Studying Abroad From Home by Elizabeth Lewis

I sincerely hope that nobody finds themselves in a situation to need this advice, but I think its important to talk about what to do and how to cope when you suddenly find yourself studying abroad from your bedroom/home office, as study abroad students this semester have. Going into the spring 2020 semester I never anticipated that I would be completing my study abroad courses from the home office in my parents’ house, as this is a situation nobody saw coming. During this period, I have had time to reflect and figure out how to get the most out of my courses, complete my work on time and teach myself new material, and most importantly, how to keep my head on straight when everything feels out of control. We have been taught good study skills and how to stay on top of our deadlines, and that’s applicable to any class situation, but what do you do when your Abroad trip gets ended a month and a half early? How do you carry on with classes while processing those emotions?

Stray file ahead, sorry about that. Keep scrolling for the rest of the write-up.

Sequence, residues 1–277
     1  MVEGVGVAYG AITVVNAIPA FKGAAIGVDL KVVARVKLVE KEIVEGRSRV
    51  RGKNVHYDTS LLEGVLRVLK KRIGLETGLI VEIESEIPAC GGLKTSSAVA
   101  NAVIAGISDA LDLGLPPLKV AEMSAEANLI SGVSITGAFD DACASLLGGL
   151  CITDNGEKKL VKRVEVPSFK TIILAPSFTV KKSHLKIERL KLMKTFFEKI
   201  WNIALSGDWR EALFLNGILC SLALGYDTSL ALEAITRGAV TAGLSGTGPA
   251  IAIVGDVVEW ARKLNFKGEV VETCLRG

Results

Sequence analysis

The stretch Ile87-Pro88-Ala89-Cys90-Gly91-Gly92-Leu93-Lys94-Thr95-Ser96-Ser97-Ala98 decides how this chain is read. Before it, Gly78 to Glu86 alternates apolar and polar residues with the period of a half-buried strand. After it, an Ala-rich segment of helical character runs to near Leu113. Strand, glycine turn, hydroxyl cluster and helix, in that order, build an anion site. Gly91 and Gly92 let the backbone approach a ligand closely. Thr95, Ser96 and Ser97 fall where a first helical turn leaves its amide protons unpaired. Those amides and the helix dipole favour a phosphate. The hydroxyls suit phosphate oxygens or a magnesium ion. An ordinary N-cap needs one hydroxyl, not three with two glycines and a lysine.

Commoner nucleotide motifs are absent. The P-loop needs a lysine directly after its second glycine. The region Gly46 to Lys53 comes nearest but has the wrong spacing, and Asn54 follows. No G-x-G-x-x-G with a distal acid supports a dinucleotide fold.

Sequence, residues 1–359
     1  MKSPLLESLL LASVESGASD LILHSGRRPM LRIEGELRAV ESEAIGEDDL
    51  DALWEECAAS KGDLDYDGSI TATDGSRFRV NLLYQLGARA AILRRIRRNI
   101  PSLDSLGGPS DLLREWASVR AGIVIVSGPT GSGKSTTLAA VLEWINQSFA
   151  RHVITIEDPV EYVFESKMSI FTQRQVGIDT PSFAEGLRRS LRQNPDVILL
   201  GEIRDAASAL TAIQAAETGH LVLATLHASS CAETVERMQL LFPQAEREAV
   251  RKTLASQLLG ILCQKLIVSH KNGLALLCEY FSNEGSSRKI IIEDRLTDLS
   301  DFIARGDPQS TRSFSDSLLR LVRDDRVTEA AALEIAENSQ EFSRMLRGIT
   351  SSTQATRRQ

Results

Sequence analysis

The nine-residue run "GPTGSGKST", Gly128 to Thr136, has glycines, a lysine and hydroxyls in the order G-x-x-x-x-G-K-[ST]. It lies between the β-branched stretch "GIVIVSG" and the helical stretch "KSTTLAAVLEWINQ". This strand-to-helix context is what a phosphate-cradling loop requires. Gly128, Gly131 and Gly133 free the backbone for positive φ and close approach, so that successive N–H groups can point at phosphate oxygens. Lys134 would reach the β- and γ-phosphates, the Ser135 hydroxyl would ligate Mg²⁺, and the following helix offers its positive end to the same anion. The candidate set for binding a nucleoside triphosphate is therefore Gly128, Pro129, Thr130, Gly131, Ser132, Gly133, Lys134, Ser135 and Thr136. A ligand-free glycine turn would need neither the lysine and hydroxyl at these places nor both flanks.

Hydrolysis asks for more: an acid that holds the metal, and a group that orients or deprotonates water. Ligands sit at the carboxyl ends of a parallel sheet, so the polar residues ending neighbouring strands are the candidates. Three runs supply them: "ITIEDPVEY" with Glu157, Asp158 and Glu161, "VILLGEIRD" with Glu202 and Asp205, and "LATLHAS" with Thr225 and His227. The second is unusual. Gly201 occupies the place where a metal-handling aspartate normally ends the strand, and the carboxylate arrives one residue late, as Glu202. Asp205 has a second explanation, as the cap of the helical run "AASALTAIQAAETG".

One of the most important things I have realized is that your study abroad cohort will be a life saver for you. Often times with working online in a remote location, you have to teach yourself a lot of material. A lot of this material may be confusing and you are bound to have questions, and depending on when you are studying, and the original location of your program in relation to where you are now, you can’t always ask your professors. There were many times during this semester that I found myself with homework questions but unable to ask my professor and get a quick answer because it was 3 am in Spain. During times like these I would turn to my friends in my study abroad program. We have all stayed close and our group chat is often times filled with fun stories from isolation and questions about material in our classes or questions about our homework. Even though there is only 8 of us we were always bound to have at least one person who was able to respond and help out. But even when we are completely clear on the classwork, my program group has been imperative in helping me pretend at least for a little bit like life is normal, and it allows me to speak to a group of people who understand exactly how I’m feeling. Although my parents and my other friends are great to talk to and try their hardest, they don’t know my professors, or the way my program was run, or any of the funny “you had to be there” moments. Although I’m no longer in Spain, I can still hold on to the feeling of my trip through my interactions with my study abroad friends. I can complain about a big project we have and I know they will get it. But most importantly, I can remind myself that I am not going through this experience alone.

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